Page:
As my colleague Joe Trabbic has pointed out, a “new Catholic debate” on the nature of the HHS mandate broke out when another colleague at AMU, Steve Long, and myself, in response to an article in First Things began to question the presupposition which seemed widespread, but not well supported, among Catholic moralists, namely, that an institution’s cooperation with the mandate would be merely “material” and not “formal.”  As this debate has been carried out across three blogs, I want to post here all of the relevant links. (See below.)

The latest twist in the discussion for me is captured in this exchange with a colleague in economics, Joe Burke, who posed this problem, which he deemed the “Smorgasbord Argument”:

In discussing this matter with a friend, I ran across this interesting argument to the contrary.

If I purchase a gift certificate for someone for Amazon.com, that person can use the gift certificate to buy a variety of goods, including some of which are illicit. But no one would claim that I was formally cooperating with evil if the person to whom I gave a gift certificate purchased pornography with my gift certificate, even though I knew this was a possibility. The gift certificate has a general use, not a specific one. Certainly if I gave the gift certificate then I participated remotely in the purchase of pornography, though I did provide the material.

In the same manner, a health insurance contract covers a variety of services, some of which are illicit. By analogy, then, is the employer only guilty of remote cooperation? Does the broad nature of the contract dilute the importance of single provisions or set of provisions?

I haven’t settled on a response yet. I’m interested to know what you think.

Before I could formulate a good response, my colleague suggested the following:

I think that I have a solution to the Smorgasbord Argument.

As I said, the difficulty comes from the fact that the health benefits plan covers a variety of services, or basket of services, in the words of Stephen Long (which he no doubt borrowed from an economist somewhere along the way).

In the example of the gift certificate that can be used to purchase pornography, we agreed that the giver was not formally guilty of cooperation. However, it seems that the employer who purchased health insurance is formally guilty. But, health benefits plans, like gift certificates, can be used to obtain a variety of goods and services, some of which are immoral. So what is the essential difference between these two cases?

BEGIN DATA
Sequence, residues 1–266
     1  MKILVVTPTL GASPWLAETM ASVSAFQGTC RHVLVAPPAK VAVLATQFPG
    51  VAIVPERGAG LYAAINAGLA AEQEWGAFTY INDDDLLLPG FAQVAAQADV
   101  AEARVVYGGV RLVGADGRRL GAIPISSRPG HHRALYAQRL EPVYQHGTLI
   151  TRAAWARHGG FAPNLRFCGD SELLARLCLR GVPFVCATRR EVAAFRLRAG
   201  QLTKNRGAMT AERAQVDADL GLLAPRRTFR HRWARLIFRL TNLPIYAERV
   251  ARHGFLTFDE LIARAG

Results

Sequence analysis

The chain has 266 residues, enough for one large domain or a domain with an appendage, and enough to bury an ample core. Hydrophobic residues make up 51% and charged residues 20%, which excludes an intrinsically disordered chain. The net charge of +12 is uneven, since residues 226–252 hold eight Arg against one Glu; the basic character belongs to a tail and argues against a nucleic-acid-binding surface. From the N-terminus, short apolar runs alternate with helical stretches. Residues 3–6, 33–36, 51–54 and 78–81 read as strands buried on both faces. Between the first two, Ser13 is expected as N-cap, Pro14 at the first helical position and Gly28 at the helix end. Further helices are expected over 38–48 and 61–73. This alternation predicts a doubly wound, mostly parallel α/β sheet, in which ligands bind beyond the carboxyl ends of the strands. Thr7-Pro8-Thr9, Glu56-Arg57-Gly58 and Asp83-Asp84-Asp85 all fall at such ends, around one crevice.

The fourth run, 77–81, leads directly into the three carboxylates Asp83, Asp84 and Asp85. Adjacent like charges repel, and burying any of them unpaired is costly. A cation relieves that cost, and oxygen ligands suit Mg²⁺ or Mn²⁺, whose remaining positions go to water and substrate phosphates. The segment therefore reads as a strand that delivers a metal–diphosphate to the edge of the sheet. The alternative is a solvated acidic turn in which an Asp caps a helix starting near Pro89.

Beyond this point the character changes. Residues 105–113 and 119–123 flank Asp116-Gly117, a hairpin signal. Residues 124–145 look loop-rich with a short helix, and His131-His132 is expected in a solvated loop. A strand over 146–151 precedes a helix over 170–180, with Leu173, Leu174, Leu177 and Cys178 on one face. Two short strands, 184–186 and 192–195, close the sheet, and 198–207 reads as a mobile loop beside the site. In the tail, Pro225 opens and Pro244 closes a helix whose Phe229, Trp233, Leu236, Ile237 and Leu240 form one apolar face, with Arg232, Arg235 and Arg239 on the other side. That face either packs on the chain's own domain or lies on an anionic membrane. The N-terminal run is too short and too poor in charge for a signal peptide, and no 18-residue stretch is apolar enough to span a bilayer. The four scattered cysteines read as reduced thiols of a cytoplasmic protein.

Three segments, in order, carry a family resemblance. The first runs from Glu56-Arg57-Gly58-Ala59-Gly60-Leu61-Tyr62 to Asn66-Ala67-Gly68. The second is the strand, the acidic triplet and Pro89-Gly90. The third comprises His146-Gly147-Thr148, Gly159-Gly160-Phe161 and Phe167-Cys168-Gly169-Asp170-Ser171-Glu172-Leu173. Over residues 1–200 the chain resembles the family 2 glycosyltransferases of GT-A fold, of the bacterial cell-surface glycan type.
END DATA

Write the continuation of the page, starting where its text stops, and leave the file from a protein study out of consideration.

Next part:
Here is a counter example that illustrates the essential difference:

Let’s reverse the order, so the recipient of the gift certificate must first choose a basket of services, after which the giver promises to buy him a gift certificate to pay for it. The giver now knows how his gift will be used before he purchases the certificate. If the recipient chooses to put pornography into his basket, then the giver can no longer in good conscience give the certificate and follow through on the promise. In doing so he now would formally participate in the purchase of pornography.

The insurance case is more like this second example, given that the provision is explicitly agreed to in the contract. An employer must agree to finance these services for his employees through the insurance contract. In agreeing to do so on behalf of his employees, who will not doubt take advantage of these provisions, he formally cooperates in evil.

I thought the solution was good, but I proposed the following as even better:

Let’s try this. You have a friend who has a porn problem. You want to buy him a gift certificate for media. Certificate A allows him to buy porn. Certificate B does not. You are told you are not allowed to buy B, on the specific grounds that it’s good to use porn and it’s wrong to deny it to anyone. (Actually, anyone who receives A also gets solicitations for porn.*) So then can you buy A without fault?

*Obamacare requires counseling for contraception as part of ordinary medical care. –Admittedly exactly how this will be implemented is so far unclear. But it’s not unreasonable to presume the worst.

To which my colleague responded:

the provisions for contraception in the health benefit contract are specific in their use, not general. Unlike gift certificates, these particular provisions have no other purpose than obtaining illicit goods and services.

The specific and limited nature of these provisions also makes the analogy to the gift certificate inappropriate. A better analogy would be a gift certificate with coupons for free pornography attached to it.

(Let’s also not forget that not merely contraceptive services but also abortifacient drugs and sterilizations are included.)

So all of the relevant links are these:

The article in First Things by Fr. Joseph White and Rusty Reno which presupposed without argument material cooperation, “A Mandate to Disobey.”

My first posts suggesting that the cooperation might be formal and pointing out that those who hold otherwise have offered only fallacies to support that view:

Does the HHS Mandate Compel Formal or Material Cooperation?

But Is It Remote Material Cooperation (reply to Jeffrey Mirus)

A Formal, and Material, Fallacy

The Redoubtable Janet Smith on the Mandate

A clarification about what formal cooperation is:

Some Simple Mistakes about Formal Cooperation

The posts of Steven Long:

The Unthinkability of Compliance

Formal and Material Cooperation: Once More Into the Breach

The Dubious Guidance of the New Natural Law Theorists on “Cooperation”

The Question of Cooperation